That’s what it might sound like if I had a tongue stud, hitting my teeth. Maybe you’ve seen people with studs in their tongue clicking it up against their front teeth, a move known as “playing.” But it turns out that the habit may destroy some smiles.
University of Buffalo researchers noticed that local high school students who had a barbell-type tongue stud commonly pushed the piercings against their front teeth. Then they examined a 26-year-old patient at the school’s dental clinic. She’d had been complaining about a large gap that had developed between her front two teeth. Seven years previously, she got a tongue stud. And every day, for seven years, she pushed that stud up against her teeth.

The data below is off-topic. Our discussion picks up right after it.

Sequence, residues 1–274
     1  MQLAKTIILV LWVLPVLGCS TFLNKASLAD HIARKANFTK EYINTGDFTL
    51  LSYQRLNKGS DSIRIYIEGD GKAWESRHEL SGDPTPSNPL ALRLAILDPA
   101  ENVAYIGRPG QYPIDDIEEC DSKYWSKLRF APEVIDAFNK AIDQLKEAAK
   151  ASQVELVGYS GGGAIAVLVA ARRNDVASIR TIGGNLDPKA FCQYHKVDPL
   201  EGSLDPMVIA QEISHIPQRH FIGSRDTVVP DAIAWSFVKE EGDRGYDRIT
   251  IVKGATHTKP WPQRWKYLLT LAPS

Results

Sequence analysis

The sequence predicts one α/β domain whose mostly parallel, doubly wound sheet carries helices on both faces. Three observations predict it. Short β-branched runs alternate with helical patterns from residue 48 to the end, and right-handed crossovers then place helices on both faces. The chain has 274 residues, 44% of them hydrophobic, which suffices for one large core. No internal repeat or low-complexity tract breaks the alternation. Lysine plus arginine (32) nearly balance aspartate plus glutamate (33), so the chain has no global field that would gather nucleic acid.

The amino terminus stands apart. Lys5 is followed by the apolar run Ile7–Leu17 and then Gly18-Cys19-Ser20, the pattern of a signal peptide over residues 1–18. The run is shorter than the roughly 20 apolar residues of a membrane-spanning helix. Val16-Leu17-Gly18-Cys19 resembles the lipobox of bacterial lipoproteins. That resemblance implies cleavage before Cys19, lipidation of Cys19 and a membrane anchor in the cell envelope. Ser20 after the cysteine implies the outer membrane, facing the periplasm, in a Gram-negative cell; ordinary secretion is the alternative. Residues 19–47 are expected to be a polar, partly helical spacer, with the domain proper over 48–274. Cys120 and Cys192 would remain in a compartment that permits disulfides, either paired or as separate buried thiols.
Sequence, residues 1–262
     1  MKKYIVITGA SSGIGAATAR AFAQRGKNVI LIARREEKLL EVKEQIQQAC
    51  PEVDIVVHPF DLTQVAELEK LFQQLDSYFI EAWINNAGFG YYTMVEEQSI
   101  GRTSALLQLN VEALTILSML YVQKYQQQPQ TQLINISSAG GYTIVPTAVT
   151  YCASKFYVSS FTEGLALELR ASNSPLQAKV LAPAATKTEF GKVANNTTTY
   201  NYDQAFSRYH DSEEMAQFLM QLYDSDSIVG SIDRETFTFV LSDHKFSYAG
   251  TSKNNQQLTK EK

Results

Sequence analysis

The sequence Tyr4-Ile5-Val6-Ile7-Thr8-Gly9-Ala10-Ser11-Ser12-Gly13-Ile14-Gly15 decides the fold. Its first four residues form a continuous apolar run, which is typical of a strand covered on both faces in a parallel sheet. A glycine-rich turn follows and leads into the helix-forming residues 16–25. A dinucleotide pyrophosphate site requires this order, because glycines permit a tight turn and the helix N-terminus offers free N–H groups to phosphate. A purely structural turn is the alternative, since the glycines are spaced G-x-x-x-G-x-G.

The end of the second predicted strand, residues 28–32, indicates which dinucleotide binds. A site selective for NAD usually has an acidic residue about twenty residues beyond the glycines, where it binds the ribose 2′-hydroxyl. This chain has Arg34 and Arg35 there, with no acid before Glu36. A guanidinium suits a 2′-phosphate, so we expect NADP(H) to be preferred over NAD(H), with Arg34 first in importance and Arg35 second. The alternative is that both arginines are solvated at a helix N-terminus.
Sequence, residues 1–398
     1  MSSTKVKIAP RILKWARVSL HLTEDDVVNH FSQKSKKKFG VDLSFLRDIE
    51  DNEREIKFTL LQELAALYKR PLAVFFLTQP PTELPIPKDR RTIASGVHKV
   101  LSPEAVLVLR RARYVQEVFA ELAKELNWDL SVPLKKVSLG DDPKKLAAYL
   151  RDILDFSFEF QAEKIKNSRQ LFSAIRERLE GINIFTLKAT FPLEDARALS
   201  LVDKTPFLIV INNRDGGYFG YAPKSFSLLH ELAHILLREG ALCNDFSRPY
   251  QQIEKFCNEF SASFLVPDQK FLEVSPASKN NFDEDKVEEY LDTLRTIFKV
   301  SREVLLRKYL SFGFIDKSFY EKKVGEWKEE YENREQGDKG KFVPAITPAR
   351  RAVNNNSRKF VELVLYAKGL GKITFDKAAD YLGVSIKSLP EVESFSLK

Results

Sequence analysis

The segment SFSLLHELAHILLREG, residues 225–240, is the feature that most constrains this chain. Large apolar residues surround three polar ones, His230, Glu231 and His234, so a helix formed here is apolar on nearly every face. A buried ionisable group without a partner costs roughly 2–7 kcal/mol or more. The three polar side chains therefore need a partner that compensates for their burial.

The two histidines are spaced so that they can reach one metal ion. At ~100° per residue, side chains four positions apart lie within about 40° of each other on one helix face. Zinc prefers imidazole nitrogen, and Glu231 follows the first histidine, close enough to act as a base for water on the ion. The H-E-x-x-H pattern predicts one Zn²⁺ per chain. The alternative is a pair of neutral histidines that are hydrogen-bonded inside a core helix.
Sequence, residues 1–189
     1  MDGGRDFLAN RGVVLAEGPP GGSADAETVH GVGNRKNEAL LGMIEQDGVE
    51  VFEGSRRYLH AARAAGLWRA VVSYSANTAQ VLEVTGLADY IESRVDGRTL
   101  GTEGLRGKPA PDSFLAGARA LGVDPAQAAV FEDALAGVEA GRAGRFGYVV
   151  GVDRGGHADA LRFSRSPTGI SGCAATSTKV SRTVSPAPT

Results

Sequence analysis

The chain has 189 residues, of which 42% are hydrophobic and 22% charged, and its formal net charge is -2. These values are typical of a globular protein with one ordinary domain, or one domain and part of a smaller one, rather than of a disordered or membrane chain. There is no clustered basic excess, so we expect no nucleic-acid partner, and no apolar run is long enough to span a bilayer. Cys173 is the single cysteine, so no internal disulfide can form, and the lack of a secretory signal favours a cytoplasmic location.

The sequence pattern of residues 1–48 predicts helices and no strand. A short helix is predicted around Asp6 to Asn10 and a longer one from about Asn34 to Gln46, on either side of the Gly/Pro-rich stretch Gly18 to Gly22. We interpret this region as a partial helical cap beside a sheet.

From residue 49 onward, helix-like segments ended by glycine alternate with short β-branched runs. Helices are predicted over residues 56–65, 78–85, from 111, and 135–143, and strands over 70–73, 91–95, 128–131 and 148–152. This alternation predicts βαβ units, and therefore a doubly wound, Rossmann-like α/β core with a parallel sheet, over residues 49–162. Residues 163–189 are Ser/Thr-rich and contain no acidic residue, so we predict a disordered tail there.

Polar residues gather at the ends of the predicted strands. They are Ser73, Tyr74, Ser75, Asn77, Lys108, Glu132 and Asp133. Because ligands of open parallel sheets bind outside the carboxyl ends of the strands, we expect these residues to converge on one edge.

The researchers say tongues are strong, and it makes sense that the force of “playing” will move teeth, even forcing them apart. The case was written up in the Journal of Clinical Orthodontics. [Sawsan Tabbaa, Ivanka Guigova and C. Brian Preston, www.jco-online.com]
Tongue piercings have also been associated with infections, chipped or broken teeth, and gum trauma. And the patient? She got braces to push her teeth back together. Which probably didn’t look quite as cool as she thought the tongue stud was.
[The above text is an exact transcript of this podcast.]